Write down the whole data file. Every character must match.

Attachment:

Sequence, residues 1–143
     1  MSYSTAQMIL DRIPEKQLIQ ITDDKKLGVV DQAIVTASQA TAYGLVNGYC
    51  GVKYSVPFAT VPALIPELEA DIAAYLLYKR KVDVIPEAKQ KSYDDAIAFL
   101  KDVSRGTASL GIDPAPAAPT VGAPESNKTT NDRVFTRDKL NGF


Sequence, residues 1–143
     1  MSYSTAQMIL DRIPEKQLIQ ITDDKKLGVV DQAIVTASQA TAYGLVNGYC
    51  GVKYSVPFAT VPALIPELEA DIAAYLLYKR KVDVIPEAKQ KSYDDAIAFL
   101  KDVSRGTASL GIDPAPAAPT VGAPESNKTT NDRVFTRDKL NGF